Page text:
We all are doing everything we can to remain safe and sane during the quarantine. Sometimes, there is somebody who truly steps up to the plate and does something memorable. One of those individuals is Chelsea Phaire, a 10-year-old girl that has already shipped more than 1500 Art kits to homeless shelters, schools affected by gun violence, foster care homes, and women shelters since the beginning of the pandemic. She has had a love of charity for quite some time, and she is dedicating her time to it.
The kits that she is sending out are full of markers, gel pens, coloring books, colored pencils, paints, and much more. It is another project for the charity that was started by Chelsea and her family, Chelsea’s Charity. The young girl, who comes from Danbury, Connecticut, started to ask her parents for permission to start a charity when she was only seven years old. She was able to finally start the charity last year, asking for supply donations instead of presents at her birthday party. She started creating art kits at that time.
Chelsea then took things to the next level by starting an Amazon Wishlist for supplies. Donations would allow them to mail out kits on a continuous basis. She is hoping to share her love of art and to show kids how therapeutic it can be to be creative. Chelsea knows this firsthand because she used art when her swim instructor was killed due to gun violence. Chelsea was only eight years old at the time.
Chelsea is now sharing what she’s learned with others. Even before the pandemic started, she would travel with her mother around the country to deliver kits and to meet the kids who received them. Chelsea would also give those kids art lessons and share some drawing tips.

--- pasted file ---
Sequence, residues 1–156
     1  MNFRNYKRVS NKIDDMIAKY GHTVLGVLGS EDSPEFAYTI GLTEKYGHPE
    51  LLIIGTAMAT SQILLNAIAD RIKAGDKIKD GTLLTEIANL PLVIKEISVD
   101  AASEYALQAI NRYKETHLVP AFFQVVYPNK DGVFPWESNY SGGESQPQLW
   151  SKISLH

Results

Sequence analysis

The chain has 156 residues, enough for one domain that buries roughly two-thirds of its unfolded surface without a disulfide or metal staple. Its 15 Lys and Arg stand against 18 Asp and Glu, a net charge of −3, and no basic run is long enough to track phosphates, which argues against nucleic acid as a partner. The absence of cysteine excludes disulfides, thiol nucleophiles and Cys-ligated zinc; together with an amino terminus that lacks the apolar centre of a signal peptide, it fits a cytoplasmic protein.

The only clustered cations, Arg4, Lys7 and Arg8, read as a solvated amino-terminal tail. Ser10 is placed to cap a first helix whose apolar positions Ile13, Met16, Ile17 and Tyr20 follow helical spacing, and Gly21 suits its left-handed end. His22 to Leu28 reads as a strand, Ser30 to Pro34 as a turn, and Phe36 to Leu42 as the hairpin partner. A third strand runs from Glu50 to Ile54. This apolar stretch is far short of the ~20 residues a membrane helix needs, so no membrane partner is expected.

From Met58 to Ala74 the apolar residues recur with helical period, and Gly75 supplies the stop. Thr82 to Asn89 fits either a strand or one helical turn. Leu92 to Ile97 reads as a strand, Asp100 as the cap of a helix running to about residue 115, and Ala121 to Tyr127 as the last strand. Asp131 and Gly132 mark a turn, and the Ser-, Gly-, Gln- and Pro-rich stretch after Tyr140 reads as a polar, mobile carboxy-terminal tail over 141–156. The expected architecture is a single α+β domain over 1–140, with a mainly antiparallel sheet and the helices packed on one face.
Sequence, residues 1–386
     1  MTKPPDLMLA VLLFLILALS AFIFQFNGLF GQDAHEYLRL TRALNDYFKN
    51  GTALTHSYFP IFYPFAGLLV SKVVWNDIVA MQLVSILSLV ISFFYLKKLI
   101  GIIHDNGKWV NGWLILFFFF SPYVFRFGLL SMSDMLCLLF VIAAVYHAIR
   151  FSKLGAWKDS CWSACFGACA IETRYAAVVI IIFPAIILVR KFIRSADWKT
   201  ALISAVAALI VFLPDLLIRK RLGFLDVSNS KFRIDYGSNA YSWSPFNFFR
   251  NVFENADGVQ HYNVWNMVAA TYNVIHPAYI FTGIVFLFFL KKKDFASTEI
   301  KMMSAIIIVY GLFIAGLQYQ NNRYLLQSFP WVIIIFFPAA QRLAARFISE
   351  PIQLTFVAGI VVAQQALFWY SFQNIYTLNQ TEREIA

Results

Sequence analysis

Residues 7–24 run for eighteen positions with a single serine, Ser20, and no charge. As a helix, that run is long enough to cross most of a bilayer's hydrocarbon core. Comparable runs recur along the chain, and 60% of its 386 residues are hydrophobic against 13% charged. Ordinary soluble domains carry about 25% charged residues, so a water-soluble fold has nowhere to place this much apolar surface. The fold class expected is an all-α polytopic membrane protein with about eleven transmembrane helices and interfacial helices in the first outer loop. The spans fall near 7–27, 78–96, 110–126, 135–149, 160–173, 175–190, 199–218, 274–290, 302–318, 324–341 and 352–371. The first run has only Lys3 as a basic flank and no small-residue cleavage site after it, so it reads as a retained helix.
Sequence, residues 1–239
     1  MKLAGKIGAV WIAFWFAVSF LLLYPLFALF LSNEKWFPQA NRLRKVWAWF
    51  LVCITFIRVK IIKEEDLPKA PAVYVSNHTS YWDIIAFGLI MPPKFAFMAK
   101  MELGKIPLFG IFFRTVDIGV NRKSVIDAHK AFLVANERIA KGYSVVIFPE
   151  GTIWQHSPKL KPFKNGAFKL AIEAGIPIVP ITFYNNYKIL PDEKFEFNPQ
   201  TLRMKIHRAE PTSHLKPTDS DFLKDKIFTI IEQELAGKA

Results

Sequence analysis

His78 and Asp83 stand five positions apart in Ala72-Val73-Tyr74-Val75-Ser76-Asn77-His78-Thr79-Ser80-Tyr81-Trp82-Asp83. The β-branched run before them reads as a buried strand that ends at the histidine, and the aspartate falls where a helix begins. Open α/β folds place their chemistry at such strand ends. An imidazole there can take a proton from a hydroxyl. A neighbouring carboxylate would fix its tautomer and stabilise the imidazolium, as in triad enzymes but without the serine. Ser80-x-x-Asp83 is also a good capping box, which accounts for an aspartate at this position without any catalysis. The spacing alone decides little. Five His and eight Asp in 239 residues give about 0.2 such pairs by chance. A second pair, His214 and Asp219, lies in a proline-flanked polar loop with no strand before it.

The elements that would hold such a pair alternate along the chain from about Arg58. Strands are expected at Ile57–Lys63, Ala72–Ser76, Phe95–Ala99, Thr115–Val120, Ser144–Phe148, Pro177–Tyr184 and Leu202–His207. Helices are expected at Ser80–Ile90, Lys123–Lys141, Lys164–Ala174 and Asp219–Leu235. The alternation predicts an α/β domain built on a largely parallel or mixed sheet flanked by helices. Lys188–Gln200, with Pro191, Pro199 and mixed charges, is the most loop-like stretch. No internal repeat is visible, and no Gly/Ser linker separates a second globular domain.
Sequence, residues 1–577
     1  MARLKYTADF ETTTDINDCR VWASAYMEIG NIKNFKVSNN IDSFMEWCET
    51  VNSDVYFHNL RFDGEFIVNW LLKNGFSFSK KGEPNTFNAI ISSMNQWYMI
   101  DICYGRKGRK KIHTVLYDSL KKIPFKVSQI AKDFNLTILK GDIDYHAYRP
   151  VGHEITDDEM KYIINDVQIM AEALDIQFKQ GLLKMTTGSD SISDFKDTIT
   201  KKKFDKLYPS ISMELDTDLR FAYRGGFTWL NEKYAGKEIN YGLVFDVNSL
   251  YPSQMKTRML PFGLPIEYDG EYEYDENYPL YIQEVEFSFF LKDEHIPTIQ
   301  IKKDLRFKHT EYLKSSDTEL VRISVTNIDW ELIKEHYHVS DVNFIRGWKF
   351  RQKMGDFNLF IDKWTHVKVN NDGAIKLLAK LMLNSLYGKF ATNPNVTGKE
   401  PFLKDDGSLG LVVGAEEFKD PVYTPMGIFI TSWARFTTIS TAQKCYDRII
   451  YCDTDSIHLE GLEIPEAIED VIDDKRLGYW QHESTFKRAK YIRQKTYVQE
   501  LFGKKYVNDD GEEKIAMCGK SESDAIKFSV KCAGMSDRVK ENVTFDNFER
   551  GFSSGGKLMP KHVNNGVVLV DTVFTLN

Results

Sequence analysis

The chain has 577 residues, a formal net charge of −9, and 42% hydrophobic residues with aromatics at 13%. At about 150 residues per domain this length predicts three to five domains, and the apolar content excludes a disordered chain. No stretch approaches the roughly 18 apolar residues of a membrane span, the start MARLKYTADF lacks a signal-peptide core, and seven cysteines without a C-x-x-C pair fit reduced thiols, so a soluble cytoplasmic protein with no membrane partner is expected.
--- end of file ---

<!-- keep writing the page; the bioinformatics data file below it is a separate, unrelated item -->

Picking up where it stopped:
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Because of the coronavirus pandemic, she isn’t able to meet the kids face-to-face at this time. That doesn’t mean that her art kits aren’t making an impact, especially to those who are stuck at home during the pandemic. She has mailed more than 1500 kits to kids in 12 states throughout the US since March.
“I feel good inside knowing how happy they are when they get their art kits,” shared Chelsea. “I have definitely grown as a person because of this. Now my dream is to meet every kid in the entire world and give them art. Who knows, maybe if we do that and then our kids do that, we’ll have world peace!”
These kits provide a smile to children who are going through a difficult time. Stacy DeWitt is the executive director of James Storehouse, a nonprofit that helps foster care kids. She was thrilled when they got the kits. “When a child or youth enters foster care, they usually have no belongings of their own. It’s been a great addition to be able to offer the art kits, so the children and youth have a creative outlet to process their emotions during this traumatic time in their lives.”
Stacy says that they are even needed more at this time since schools are closed. “It gives the children and teens a fun creative outlet to channel their energy because they can’t be in the classroom right now,” she says. “Chelsea’s kits have been a blessing to many children in hard places and have brought them joy.”
Chelsea’s Charity has sent out more than 1500 Art kits to kids in need during the pandemic.
She started making the kits in 2019 to help kids use art as a therapeutic outlet. She is only 10 years old.Whizzco